- California retailers have seen a spate of smash-and-grab burglaries instigated by mobs of dozens of people.
- High-end stores like Louis Vuitton, Neiman Marcus, Burberry, and Nordstrom have been targeted.
- An expert on robberies said circulating videos of the crimes may inspire copycats.
High-end merchandisers— mostly in California — have been hit with a spate of smash-and-grab robberies instigated by mobs of people who steal thousands of dollars worth of products in mere minutes. An expert on robberies and gangs said media coverage of the incidents may be spurring the string of attacks.
"The thing most likely for them to go away is a lack of media coverage," Arizona State University's Scott Decker told Insider on Wednesday. "The kids sitting in Kokomo, Indiana or Tyler, Texas may not have ever dreamt of this, but now you see it on TV, and imitation is certainly a large part of what goes on in crime."
Decker said mass robberies don't typically occur often but "come with a lot of notoriety because of their brazen character."
Decker said one of the reasons why these offenses have drawn so much attention is that "they look so different from the typical robbery or the typical burglary that takes place in a commercial establishment." He added that bystanders who witness this type of crime tend to "freeze."
On November 19, a Louis Vuitton store in San Francisco's Union Square area was targeted by a group who smashed the establishment's windows, clearing out the store. Burberry, Yves Saint Laurent, and Bloomingdales were other high-end retailers that were targeted in the area. Other establishments including Walgreens, Wellspring pharmacy, and multiple cannabis dispensaries were also hit.
In a statement to Insider, the San Francisco Police Department spokesperson said that at least nine people were arrested in connection to the looting incidents.
On Tuesday, the District Attorney announced that the nine suspects linked to the Louis Vuitton incident were charged, NBC Bay Area reported. One alleged suspect was connected to a robbery at Walgreen's, according to the report, and, at least three of the suspects were involved in a dispensary burglary.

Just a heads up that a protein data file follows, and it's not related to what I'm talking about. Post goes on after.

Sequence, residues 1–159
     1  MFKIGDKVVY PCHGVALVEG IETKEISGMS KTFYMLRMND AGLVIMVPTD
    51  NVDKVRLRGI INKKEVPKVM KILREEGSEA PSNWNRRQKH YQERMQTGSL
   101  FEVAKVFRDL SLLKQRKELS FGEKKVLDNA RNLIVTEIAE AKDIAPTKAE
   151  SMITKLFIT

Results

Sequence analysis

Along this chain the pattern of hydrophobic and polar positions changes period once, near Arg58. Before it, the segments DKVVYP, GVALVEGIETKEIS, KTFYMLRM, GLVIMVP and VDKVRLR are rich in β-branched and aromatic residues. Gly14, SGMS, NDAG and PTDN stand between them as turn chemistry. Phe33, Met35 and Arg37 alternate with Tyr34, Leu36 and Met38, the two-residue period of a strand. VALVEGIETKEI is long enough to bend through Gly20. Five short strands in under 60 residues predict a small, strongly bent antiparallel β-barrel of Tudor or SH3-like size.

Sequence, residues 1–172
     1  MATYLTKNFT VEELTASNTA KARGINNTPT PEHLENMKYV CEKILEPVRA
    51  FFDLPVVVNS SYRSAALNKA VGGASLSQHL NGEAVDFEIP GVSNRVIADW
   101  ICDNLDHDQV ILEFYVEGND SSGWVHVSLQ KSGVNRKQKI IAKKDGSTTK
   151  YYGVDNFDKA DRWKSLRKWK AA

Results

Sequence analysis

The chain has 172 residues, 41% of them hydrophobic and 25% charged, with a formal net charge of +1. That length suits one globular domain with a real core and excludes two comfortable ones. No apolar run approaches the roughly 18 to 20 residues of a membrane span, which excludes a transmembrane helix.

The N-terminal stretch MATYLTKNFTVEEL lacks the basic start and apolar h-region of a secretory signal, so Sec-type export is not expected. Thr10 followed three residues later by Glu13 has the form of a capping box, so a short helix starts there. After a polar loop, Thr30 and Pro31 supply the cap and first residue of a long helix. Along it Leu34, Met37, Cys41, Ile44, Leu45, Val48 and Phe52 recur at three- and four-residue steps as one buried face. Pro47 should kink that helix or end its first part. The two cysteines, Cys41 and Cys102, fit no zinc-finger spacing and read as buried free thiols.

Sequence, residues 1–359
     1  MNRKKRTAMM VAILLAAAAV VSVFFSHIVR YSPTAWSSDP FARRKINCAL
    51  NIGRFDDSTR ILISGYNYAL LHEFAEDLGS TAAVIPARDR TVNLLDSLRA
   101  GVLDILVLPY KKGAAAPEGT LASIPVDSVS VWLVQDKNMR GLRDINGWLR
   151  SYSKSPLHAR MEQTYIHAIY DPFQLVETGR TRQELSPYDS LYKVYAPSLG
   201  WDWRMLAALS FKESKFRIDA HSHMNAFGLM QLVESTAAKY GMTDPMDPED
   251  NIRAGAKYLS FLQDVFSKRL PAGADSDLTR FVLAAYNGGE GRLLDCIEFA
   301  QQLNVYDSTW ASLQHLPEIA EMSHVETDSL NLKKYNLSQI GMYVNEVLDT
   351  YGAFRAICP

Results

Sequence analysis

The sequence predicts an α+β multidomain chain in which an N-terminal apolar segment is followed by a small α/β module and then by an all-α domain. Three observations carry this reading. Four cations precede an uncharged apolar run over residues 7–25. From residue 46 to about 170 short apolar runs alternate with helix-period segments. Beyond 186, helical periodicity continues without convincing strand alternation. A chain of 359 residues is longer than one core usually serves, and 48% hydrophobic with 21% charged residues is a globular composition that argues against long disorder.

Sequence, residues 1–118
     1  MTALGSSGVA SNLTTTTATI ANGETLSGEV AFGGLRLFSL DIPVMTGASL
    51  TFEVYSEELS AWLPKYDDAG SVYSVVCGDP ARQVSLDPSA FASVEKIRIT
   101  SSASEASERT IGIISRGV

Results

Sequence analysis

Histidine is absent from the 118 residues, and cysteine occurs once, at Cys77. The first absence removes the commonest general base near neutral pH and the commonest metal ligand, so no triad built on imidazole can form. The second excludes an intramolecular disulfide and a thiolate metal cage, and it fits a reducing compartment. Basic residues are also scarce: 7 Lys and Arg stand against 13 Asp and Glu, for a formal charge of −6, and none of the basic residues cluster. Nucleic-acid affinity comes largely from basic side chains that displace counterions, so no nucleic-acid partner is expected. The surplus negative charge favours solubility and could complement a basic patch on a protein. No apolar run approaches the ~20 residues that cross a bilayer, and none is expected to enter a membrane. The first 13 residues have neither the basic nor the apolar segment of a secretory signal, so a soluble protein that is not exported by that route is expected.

"We are following up on significant leads, which includes video evidence, and we are confident there will be more arrests," the spokesperson said. "We are working closely with community stakeholders and community members, as well as federal, state, and local law enforcement agencies that are experiencing similar incidents."
In order to prevent other robberies, roads will be closed around Union Square between 7:00 p.m. to 6 a.m., and more police officers are expected to be present around the area, the spokesperson said.
One day later, 80 people were involved in a smash-and-grab at a Nordstrom in Walnut Creek, California. Police reported that two employees were assaulted and one was pepper-sprayed by the suspects. In addition, the Walnut Creek Police Department said three people linked to the "organized theft" were arrested, and Nordstrom estimated that they lost between $100,000 and $200,000 in merchandise, a spokesperson previously told Insider.
In the following days, a California jewelry store was targeted in a Hayward mall, followed by a Lululemon, Prime 356, and a Macy's. At least a dozen stores were robbed in the span of a week, including some in other states. In Chicago, thieves made off with $120,000 worth of merchandise from a Louis Vuitton.
Decker said increasing camera surveillance on the streets and in stores can be a deterrent to smash-and-grab crimes, but circulating videos of the robberies could entice copycats.
"The most powerful images are watching those videos," Decker said, referring to security footage that shows dozens of looters stream into a clothing store in Oakland, California, and ransacking it. "It may be that someone who is an offender who…sees it on TV and says, 'Hey, the cops in my city aren't that sophisticated,' or 'We could get away with one if we just go in real quickly and get out quickly.'"
"I think ultimately the more they're imitated, the less discipline the groups involved will use, and then they'll get caught," he added.